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Discussion in 'Flight Following' started by Velocity173, May 15, 2019.
Me thinks LTE.
Loss of Tailrotor Effectiveness
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Loss of tail rotor effectiveness. You can hear the wind whipping in those vids. All it took was the pilot to get slow, increase that collective (high torque), dirty air or vortex ring going through the tail rotor and with all that torque, it’s gonna spin. Classic case of LTE.
If you notice, once he got the collective down and increased his descent, the nose starting to slow it’s rotation. Just not enough altitude for a recovery.
I don’t know what it is with the Hudson and helicopters. She just seems to gobble them up.
Thinking there has to be a loss of power, also. Just one soul on board shouldn't tax the aircraft too much - should have enough out of ground effect (OGE) power. Look at the blades coning before impact.
edit: watched again -- tail rotor malfunction?
I don’t know. Initially he seemed to be climbing while spinning and the engine sounds OK. Could very well be a tail rotor failure but judging by the vid, it looks like it’s still spinning fine.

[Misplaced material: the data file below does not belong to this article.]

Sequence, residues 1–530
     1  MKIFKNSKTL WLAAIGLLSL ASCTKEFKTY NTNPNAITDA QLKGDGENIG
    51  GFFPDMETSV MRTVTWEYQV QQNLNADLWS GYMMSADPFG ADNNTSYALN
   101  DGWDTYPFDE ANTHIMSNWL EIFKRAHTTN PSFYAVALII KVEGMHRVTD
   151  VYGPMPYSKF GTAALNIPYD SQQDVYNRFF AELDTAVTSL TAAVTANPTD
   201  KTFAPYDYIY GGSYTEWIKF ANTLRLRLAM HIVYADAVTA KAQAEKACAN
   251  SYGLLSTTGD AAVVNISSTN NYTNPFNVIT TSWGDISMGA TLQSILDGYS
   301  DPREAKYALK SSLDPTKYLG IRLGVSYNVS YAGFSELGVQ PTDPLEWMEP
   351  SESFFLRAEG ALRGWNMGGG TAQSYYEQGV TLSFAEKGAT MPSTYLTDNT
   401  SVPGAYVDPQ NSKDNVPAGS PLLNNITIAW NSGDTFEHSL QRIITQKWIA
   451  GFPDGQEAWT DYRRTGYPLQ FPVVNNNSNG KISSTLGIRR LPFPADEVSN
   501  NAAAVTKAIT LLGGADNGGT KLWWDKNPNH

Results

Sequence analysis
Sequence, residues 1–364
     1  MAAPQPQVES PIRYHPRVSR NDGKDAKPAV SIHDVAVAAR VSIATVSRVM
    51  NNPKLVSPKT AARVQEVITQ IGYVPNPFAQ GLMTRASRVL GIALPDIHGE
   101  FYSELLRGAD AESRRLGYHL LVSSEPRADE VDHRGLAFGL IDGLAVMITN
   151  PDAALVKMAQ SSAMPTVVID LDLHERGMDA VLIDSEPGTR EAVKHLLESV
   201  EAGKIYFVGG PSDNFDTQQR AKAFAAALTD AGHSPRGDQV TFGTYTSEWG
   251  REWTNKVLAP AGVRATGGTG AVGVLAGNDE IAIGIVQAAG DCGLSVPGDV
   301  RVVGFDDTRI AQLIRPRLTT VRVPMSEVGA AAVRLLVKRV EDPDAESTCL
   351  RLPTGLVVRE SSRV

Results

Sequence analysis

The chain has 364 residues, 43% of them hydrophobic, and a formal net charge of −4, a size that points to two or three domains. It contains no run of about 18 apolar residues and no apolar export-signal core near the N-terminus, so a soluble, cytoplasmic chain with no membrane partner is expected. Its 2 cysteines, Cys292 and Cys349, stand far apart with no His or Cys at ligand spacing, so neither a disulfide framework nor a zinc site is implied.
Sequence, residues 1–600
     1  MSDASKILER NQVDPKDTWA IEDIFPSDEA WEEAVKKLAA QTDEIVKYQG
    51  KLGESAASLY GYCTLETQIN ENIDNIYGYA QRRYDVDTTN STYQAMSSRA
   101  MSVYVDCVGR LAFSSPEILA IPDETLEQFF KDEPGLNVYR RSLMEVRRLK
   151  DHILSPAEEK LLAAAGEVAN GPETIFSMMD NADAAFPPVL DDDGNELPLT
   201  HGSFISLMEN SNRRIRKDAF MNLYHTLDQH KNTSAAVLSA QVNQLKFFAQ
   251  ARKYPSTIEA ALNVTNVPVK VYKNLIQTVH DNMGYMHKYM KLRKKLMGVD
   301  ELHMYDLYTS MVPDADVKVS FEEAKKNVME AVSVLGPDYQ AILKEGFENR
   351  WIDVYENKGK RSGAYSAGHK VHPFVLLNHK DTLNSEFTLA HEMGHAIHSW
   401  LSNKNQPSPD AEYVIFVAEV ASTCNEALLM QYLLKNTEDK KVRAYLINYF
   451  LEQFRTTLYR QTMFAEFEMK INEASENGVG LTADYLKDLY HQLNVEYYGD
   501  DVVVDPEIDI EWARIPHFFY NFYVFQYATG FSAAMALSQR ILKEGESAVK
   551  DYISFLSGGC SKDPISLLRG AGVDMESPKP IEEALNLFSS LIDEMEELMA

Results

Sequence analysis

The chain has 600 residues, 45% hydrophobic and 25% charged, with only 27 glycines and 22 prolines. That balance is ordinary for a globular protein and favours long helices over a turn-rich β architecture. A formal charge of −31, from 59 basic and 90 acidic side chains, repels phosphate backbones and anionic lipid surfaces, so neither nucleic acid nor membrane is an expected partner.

The way the aircraft starts spinning makes me think TR failure, then he chops the throttle to get it under control. That's when things get really sporty. Firing the floats was the cherry on top.
Even if the TR wasn't driven any more, it would continue to spin for a while. If you notice the sync with video, the TR is changing rpm on the way down.
VRS sort of like this?
Yeah, only it’s happening with the tail rotor rotor. Strong wind from the left overcomes the normal thrusting state of the tail rotor. The air gets recirculated through the tail rotor causing a vortex to form in the middle, thereby reducing the amount of thrust (effectiveness) of the tail rotor. Once the right rotation developes past 90 degrees, the strong wind from that side (weather cock region) can exacerbate the problem and continue to assist in spinning the aircraft. If not reacted to quickly at the first sign of LTE, it can become uncontrollable if there’s not enough altitude to recover.
Kind of like settling with power or VRS, you need a fair amount of altitude to recover. That Vuichard recovery is a new thing. Maybe in the last 5 years or so they came up with that. The common practice that was taught used to be a nose over. Now, they’ve determined that a slide out of it is the most effective way of getting out of VRS with the least loss of altitude.
Yeah, we had a big safety seminar deal on helicopter stuff at one of the aerial photography conferences because of the tendency for newer helicopter pilots to try too hard to please a photographer and sit in a spot to get the perfect shot...